SS: What one word embodies this book for you and why?

JZ: Here are some key words:

  • Nouns: Fragment (though I’m not sure if this isn’t just a French adverb masquerading as an English noun); Room; Attention
  • Verbs: Wait; listen; attend; turn
  • Participles/Gerunds: Waiting; Listening; Attending; Turning
  • Adjectives: softest

SS: How did you decide on Waiting Room as a title and what might an alternate title be?

JZ: The book was originally called The Appointment. Then it was Waiting Room: Appointment Poems because I am a sucker for subtitles. I was talking about the manuscript with a friend and she said “waiting room is better.” And since waiting is the meta-activity of life, I realized it worked. Plus, there are a lot of rooms in this book and they are all waiting rooms in a sense. And Stanza is the Italian word from room (this is a title of one of the last poems in the book) so each poem is like a little collection of waiting rooms.

SS: What are the most rewarding and most challenging aspects about writing for you?

JZ: I don’t like to talk about the “challenging” parts because I am superstitious and it seems bad luck. The most rewarding is when you’re writing so much you can look in a mirror and you don’t even recognize yourself. It’s like the part in Cecile B. De Mille movie The Ten Commandments when Charlton Heston/Moses comes down after meeting God (the “I am”) and his eyes are manic and he has a strange Technicolor tan. When I was writing the book I ran into someone I know and she said to me “Oh I didn’t recognize you… you look so happy!”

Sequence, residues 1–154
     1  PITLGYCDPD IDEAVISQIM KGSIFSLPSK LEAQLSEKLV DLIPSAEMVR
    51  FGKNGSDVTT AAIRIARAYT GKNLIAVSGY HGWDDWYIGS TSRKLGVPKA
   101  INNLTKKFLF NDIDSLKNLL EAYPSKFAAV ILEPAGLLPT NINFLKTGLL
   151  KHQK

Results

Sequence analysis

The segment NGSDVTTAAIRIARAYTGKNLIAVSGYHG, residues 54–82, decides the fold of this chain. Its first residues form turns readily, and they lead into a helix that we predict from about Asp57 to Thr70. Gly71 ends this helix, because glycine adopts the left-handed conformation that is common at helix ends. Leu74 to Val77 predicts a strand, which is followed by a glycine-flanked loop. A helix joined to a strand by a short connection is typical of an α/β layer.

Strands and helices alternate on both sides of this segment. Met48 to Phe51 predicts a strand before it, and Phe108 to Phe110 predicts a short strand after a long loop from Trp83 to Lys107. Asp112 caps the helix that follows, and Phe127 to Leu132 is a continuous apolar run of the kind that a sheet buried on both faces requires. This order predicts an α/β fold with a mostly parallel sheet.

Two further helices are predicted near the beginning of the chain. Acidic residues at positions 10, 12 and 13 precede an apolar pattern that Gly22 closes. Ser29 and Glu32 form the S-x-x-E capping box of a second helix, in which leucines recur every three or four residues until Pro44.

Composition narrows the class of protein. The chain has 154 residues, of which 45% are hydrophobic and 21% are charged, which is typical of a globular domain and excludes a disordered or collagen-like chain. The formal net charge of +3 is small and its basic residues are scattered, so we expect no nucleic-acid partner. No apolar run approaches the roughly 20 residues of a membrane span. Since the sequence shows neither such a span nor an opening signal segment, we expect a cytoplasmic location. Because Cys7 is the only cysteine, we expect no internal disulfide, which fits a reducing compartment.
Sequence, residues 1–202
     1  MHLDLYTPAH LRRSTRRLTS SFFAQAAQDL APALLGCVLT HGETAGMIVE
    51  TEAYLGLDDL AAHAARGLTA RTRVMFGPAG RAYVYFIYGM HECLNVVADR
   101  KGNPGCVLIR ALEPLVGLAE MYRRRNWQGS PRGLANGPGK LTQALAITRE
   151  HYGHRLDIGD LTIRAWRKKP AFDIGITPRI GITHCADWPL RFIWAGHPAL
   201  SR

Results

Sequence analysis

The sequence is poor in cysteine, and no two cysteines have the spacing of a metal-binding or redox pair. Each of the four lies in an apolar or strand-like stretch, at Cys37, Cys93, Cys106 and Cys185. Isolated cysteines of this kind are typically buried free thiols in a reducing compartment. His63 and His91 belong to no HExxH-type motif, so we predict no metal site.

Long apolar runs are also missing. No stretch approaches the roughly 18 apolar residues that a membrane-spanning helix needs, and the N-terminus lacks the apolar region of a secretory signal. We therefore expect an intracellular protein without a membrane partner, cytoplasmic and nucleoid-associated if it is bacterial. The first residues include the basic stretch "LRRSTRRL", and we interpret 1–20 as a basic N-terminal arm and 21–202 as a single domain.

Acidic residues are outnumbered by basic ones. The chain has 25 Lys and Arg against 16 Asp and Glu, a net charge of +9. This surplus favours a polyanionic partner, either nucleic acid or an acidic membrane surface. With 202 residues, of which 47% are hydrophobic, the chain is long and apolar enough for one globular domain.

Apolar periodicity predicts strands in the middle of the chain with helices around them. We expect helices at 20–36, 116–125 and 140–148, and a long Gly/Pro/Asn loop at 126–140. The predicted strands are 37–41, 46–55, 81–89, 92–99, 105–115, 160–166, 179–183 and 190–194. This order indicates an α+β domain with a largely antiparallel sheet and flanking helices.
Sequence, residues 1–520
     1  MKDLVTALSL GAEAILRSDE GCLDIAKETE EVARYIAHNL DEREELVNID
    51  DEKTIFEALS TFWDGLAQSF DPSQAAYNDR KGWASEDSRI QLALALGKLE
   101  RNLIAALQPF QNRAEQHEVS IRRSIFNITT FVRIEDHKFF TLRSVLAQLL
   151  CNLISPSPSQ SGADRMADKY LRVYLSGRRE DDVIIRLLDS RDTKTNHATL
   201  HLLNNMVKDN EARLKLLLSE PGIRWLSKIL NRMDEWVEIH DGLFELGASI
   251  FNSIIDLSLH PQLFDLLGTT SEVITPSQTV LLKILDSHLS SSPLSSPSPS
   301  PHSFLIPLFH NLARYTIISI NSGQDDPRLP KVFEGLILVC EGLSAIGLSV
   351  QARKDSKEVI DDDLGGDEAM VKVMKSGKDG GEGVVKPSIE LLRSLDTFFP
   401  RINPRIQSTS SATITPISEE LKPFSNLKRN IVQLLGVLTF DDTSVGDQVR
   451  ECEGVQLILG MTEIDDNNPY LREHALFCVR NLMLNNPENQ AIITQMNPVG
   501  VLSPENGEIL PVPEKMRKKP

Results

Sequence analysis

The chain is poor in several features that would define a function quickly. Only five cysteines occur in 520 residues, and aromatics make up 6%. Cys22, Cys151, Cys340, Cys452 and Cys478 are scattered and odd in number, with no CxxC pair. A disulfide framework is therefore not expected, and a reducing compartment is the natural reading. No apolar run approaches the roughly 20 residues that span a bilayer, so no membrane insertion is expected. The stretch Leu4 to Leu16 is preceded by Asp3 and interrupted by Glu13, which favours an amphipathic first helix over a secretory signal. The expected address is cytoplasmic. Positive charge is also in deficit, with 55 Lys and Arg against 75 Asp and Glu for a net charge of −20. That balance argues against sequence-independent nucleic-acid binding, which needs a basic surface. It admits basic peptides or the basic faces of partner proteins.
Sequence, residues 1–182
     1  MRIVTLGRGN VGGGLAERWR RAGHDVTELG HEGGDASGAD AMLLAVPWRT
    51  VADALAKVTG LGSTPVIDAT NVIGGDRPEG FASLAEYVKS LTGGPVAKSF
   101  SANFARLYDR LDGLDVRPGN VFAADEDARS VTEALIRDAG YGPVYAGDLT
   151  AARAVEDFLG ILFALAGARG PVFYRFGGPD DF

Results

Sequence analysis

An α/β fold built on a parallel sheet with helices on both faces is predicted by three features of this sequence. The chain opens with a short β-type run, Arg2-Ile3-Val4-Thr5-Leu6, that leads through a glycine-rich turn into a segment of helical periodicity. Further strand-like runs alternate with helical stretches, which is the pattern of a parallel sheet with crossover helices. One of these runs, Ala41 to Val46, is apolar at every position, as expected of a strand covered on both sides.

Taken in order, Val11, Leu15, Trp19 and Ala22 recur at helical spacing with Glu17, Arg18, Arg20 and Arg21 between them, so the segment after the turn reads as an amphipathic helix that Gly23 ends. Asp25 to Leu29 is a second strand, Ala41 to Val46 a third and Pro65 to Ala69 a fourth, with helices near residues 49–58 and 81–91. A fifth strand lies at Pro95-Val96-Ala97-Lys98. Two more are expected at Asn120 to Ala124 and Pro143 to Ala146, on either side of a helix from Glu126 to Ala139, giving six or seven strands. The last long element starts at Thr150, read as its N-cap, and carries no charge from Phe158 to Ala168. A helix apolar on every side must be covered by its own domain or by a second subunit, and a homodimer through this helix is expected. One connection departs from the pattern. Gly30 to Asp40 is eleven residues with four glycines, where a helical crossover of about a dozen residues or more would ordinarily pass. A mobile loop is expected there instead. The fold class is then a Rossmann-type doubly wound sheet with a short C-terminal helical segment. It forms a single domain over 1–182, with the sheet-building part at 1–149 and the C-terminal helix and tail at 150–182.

SS: What song is definitely on your writing playlist?

JZ: Old Time Religion by the Jamaican gospel group The Grace Thrillers.

Excerpts from Waiting Room: 

Waiting Room pg. 30

Page 30 of Waiting Room, from “Dead Sea Scrolls: A Dissertation Erasure”

 

 

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Order your copy of Waiting Room here.

Photo Credit: Melia Sorenson

Photo Credit: Melia Sorenson

Vancouver-based Jennifer Zilm received a B.A. and an M.A. in Religious Studies from the University of British Columbia and was a doctoral fellow at McMaster University, where her (unfinished) dissertation focused on the liturgical and poetic texts in the Dead Sea Scrolls. A graduate of Simon Fraser University’s Writer’s Studio and the Humber College School for Writers, Zilm’s writing has been published in numerous journals, including Prism International, Prairie Fire, Grain, CV2, The Antigonish Review, Vallum, and Women in Judaism and Poetry. Zilm is the author of two chapbooks: The whole and broken yellows(2013) and October Notebook (2015). Zilm has been a finalist for many contests, includingThe Malahat Review‘s Far Horizons Award and CV2‘s 2-Day Poem Contest. A draft ofWaiting Room was shortlisted for the 2014 Robert Kroetsch Award for Innovative Poetry. Waiting Room is her debut book of poetry. Learn more at www.jenniferzilm.com.